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In the early 1970s, when I was in my mid-20s, I crewed for a guy who raced a Flying Dutchman class sailboat (a 19' two person open boat). One winter he invited me to accompany him to Florida to compete in the nationals. We didn't stand a chance, but I wasn't about to turn down an opportunity to escape the cold Michigan weather for a couple of weeks and play with the big boys at the owner's expense.
The drive south was uneventful except for a minor incident in Georgia. While cruising down the freeway, the car's engine quit. We coasted to a stop on the shoulder and popped the hood. The coil wire had come loose. It was a simple fix and we were on our way again in a matter of minutes.
The weather at St. Petersburg was ideal for racing. We didn't come in last, which was sufficient cause for celebration (as if we needed an excuse). The only glitch was in the fourth race when the rudder broke and we had to be towed in. No problem though. The owner had a spare.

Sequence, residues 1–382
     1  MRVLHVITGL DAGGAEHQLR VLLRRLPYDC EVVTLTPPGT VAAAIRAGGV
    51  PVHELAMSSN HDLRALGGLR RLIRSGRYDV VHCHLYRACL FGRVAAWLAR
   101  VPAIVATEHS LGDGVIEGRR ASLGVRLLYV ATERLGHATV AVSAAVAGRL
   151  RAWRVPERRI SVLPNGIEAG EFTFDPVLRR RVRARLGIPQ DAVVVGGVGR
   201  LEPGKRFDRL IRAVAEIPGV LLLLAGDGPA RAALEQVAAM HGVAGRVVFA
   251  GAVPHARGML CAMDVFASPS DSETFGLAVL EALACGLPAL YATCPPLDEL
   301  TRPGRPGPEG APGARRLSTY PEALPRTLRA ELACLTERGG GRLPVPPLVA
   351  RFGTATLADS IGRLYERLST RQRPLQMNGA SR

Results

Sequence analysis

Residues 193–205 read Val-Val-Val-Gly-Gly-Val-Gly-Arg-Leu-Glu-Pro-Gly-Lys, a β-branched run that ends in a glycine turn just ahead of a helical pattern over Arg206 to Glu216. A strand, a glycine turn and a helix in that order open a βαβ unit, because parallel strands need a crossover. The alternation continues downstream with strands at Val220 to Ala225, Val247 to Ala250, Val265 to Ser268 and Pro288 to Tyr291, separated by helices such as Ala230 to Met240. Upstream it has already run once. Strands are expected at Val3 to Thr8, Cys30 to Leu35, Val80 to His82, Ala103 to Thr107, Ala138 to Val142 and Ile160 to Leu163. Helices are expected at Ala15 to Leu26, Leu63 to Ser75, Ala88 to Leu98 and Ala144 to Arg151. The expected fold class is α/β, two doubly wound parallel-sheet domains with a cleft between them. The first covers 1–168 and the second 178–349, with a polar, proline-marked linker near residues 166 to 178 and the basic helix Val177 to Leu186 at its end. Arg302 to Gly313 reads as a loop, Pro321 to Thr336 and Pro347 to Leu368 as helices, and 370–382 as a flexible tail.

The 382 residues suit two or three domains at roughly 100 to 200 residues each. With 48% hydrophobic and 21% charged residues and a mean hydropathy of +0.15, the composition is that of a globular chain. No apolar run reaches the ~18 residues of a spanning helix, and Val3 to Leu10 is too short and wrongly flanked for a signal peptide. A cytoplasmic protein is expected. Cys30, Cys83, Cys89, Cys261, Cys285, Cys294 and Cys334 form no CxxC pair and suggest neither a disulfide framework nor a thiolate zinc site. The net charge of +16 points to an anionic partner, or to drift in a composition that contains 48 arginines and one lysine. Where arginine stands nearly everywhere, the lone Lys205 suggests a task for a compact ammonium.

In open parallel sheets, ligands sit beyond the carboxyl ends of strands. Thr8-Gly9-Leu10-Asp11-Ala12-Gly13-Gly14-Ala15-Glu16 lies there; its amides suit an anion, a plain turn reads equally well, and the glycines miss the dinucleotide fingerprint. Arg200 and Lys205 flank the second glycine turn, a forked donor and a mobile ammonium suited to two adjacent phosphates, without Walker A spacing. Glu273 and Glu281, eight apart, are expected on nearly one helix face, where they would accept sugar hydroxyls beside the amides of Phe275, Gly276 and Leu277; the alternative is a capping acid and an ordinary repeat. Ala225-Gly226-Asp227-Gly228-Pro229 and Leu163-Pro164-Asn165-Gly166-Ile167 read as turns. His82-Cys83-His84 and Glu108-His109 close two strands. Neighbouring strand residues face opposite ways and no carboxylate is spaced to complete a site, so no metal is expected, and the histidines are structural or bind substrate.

On the way back home we stopped for gas in Georgia. We sat in the car for several minutes politely waiting for someone to serve us. As more time passed, we began griping to each other about the poor service, wondering out loud why the scraggly looking attendant lounging in a chair beside the front door of the service station seemed to be ignoring us. I finally got out of the car, walked over, and asked him (in that dissatisfied customer tone) "Can we get some service?"
He looked at me, pointed to a sign attached to the face of the building that read "Self-Service" and asked in a southern drawl "How do you get by boy? Jes' how do you get by?"
For some reason, that minor embarrassment made an indelible impression and prompted me to be more observant. Even so, there have no doubt been countless times since then that I've seen what I wanted or expected and missed what was right in front of me. Yet, somehow, I've managed to get by -- so far.